Last November, when Tommie Football traveled to St. Olaf to play the Oles, Goaley wasn't part of that week's 60-player travel group. So he took advantage of that opportunity to drive to St. Louis for a regional audition for the College Jeopardy competition.
 
After being among 18,000 collegians who tried out online for the 31st-annual college quiz tournament -- contestants answered a timed set of 50 questions -- Goaley was among less than two percent of those hopefuls that made that first cutdown to 300. They were assigned to regional sites in Philadelphia, St. Louis and Los Angeles. 
 
In a St. Louis hotel meeting room, Goaley and his peers took another timed 50-question test, played a simulated Jeopardy game, and interviewed with several show producers.
 
"I spent a lot of time studying old Jeopardy questions online to be ready," Goaley said. "They have such a broad range of questions, which is a huge challenge. I also think in addition to knowing general trivia, they also wanted a diverse group of personalities for the show, so I tried to do what I could to stand out from the crowd."
 
Goaley continued a hectic weekend by driving the nine hours back home that night so he would be ready for his Sunday morning football video session and workout. (College teams get one day off per week in season, so football teams usually take Monday off and use Sunday as a practice/recovery day from the Saturday competition with some weight lifting and video sessions).
 
This year's Jeopardy dream for Goaley ended when the field of 300 from regional auditions was trimmed to 15 national finalists and one alternate, and he wasn't selected. The finalists traveled to Los Angeles in February to tape the quarterfinal, semifinal and final rounds. 
 
The eventual College Jeopardy winner and runner-up both came out of the St. Louis audition, including champion Nibir Sarma of the University of Minnesota, who came home with a $100,000 prize. Goaley recognized the new champion from his STA quiz-bowl days since Sarma was part of a strong team from Eden Prairie High.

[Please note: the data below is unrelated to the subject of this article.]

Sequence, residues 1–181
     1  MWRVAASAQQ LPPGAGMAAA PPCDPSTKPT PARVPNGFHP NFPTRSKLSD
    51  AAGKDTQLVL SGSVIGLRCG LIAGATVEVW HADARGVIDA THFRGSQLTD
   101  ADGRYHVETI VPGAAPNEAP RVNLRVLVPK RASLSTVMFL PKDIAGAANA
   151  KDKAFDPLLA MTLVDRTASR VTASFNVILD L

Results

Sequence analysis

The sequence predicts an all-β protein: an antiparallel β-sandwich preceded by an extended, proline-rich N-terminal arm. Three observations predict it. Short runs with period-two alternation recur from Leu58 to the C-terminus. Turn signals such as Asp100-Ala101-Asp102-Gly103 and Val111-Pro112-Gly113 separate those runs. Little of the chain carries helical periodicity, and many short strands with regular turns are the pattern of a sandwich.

Looking Ahead to Fall
 
Goaley echoed the disappointment of all students after the outbreak of Covid-19 last March. Health and safety took first priority, thus Covid-19 shut down in-person classes and campus activities. For Goaley, that meant no AARC weight training or conditioning with friends, and no gathering for spring practice with his teammates. 
 
"Working out by yourself is not the same," he said. "Now we're just looking forward to getting back to campus and being able to interact with teammates again."
 
Goaley landed a summer internship with Collins Aerospace and is doing it remotely from his South St. Paul home. He's looking to supplement his Econ major with a minor in Legal Studies as he said he might one day apply to law schools as part of his career path.
 
 
For now he's looking forward to his final two St. Thomas football seasons -- and hopefully a return to some sense of normal campus life. 
 
"I feel fortunate to be around so many good players and to be a part of the culture we have and Coach Caruso has built," he said.
 
 
--
 
 
 
 --

Gene's Blog is a sports column penned by UST sports information director Gene McGivern. Gene is in his 26th season at St. Thomas and 32nd overall in the Minnesota Intercollegiate Athletic Conference. He blogs periodically on various topics regarding the Tommies, the MIAC and Division III sports.

If you have comments or questions, e-mail Gene at ejmcgivern@stthomas.edu